The premise of “The Taking of Pelham 123” is simple: four criminals have commandeered a subway train, taking a carload of passengers hostage. If their ransom demand ($1 million in the 1974 version, $10 million in 2009) is not met within one hour, they will begin shooting the hostages one by one. What is it about planes, trains, boats and subway cars that fascinates criminals and film directors alike? The built-in claustrophobia and the perpetrator’s total control of the situation create a mixture of horror and thrill. Moreover, the randomness of the victims’ fate–why did these people enter this car on this platform at this time–contributes to the audience’s sense of dread. This could happen to anyone, at any time. We aren’t safe anywhere.

In both films, the mayor, who must authorize payment of the ransom, is portrayed as cynical, uncaring, and ineffectual, motivated not by heroism but by his handlers’ concern for good press. James Gandolfini in the current film bears an uncanny resemblance to Rudy Giuliani, and the film even includes a dig at the mayor’s affair and divorce, although the similarity is unjustified; no one can fault Giuliani’s heroic actions when the Twin Towers were attacked by terrorists. Still, we tend to like movies where the men in authority are misguided fools and the maverick “everyman” saves the day.

In the original “Pelham,” Walter Matthau gives a standout performance in what is a tense, gritty, but fairly routine urban thriller. His Lt. Garber is alternately cool and sardonic, funny without being comedic. The 1974 film is worth watching, if only for that final, enlightened freeze-frame on Matthau’s face before the credits roll. (You can watch the original “One Two Three” free on your computer at fancast.com). As his nemesis, Ryder, Robert Shaw is dignified and calm, an upper-crust criminal with a crisp British accent. He could have been the cop as easily as the criminal.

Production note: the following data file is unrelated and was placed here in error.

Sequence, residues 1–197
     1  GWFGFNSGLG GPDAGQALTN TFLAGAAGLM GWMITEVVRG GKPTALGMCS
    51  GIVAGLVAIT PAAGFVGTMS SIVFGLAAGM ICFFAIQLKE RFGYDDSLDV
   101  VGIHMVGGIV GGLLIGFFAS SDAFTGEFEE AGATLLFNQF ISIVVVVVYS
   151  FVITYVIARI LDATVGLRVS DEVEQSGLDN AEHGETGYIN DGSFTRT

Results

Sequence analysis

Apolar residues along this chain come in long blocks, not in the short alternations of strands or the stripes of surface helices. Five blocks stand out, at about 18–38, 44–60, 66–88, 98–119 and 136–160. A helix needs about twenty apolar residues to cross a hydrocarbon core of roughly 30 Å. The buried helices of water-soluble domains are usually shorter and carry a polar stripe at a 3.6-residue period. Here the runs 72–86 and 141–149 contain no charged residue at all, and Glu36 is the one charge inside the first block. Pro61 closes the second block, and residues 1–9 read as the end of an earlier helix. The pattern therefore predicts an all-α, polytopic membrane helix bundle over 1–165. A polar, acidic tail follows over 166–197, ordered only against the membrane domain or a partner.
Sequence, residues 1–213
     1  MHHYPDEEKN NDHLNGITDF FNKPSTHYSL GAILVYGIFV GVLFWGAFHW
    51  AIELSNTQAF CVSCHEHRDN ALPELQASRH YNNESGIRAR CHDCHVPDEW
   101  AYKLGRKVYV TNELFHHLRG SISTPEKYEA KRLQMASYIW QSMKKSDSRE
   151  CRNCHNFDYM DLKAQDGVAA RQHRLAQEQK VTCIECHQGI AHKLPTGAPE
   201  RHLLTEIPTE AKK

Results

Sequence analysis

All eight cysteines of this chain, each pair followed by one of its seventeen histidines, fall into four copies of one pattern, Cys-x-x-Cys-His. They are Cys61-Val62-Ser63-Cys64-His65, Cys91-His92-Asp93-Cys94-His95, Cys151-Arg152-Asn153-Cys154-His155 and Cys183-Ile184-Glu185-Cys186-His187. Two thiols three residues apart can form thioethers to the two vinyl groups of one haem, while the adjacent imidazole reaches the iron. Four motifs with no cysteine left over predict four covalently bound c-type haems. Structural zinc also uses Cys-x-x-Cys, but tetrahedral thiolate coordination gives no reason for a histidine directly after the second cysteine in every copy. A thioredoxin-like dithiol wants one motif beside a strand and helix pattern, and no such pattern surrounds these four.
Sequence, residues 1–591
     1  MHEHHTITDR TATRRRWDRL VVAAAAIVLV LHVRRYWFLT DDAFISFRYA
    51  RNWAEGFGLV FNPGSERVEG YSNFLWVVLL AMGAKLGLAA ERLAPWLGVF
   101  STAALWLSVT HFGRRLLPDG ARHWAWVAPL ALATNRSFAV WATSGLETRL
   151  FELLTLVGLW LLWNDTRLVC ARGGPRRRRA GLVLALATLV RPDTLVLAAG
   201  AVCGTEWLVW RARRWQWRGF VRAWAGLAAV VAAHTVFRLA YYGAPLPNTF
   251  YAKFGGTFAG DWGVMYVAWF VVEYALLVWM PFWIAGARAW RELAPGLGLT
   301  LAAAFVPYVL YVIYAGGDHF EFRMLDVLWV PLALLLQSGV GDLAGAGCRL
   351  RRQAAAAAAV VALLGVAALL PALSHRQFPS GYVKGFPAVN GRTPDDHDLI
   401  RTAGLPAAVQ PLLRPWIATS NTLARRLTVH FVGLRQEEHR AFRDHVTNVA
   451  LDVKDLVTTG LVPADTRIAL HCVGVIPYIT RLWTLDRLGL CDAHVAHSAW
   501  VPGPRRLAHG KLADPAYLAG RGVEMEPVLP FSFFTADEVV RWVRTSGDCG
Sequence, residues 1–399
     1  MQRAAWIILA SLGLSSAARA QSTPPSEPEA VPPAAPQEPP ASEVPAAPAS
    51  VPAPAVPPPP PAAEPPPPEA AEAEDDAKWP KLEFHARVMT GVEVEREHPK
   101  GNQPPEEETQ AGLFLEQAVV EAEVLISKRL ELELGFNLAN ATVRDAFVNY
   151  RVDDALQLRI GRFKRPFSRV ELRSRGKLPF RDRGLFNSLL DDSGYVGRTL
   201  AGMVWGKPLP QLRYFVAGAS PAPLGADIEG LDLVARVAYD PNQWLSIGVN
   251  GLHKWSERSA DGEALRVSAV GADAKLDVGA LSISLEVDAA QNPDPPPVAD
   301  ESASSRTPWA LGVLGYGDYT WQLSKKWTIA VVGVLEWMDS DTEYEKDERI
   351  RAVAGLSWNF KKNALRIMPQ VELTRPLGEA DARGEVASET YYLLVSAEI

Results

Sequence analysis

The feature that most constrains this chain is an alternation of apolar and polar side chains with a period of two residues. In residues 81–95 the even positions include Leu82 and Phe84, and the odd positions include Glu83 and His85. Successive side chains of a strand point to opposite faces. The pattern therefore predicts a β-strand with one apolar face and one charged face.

In the remake, Denzel Washington as Garber and John Travolta as Ryder both deliver masterful performances, and there is no question which one is the criminal. Ryder’s character is more fully developed and played to devilish perfection by Travolta, who remains on the edge of sanity throughout the film. He’s the consummate villain: smart, cool, merciless, and unafraid of death.

Both characters have reasons to be angry at the system: Ryder appears to have a beef against Wall Street or government regulation or both; we are never quite sure what has prompted his assault on the train, but it is clear that he feels justified and vengeful. Garber (in this version an MTA employee, not a cop) seems to have just as compelling a reason for revenge; he has been demoted from management to desk clerk after allegations that he has taken a bribe. But unlike Ryder, Garber is willing to trust the system and have his day in court.

These two adversaries are emotionally connected throughout the film, the yin and yang of guilt, forgiveness and revenge. As if to emphasize this connection, both wear a single earring. Ryder’s is a small black cross while Garber’s is a white diamond, a subtle nod to the old days of film making when the good guys wore white hats and the bad guys wore black. In this film the guy with the black earring is white, and the guy wearing white is black, an equally subtle nod to the social issues that surrounded the original “Pelham” in 1974. In that film, Garber tries to cover his astonishment that the chief police inspector is black, the men in the control tower have to “watch [their] language just because they let a few broads in” as employees, Japanese businessmen are mocked mercilessly during a tour, the black passenger is a pimp, and Garber mistakenly calls a long-haired undercover policeman, “Miss.”

These issues of race, gender, and ethnicity are largely behind us now, thanks in part to films that forced us to address our own prejudices within the palliative darkness of a movie theater. Meanwhile, new stereotypes have taken their place–the corrupt politician, greedy businessman, and savvy stock manipulator continue to be fair game in Hollywood. One hopes that future filmmakers will realize that these stereotypes are equally unreasonable and outmoded, and will give conservatism and capitalism the respect they are due, with films that are just as entertaining and intense.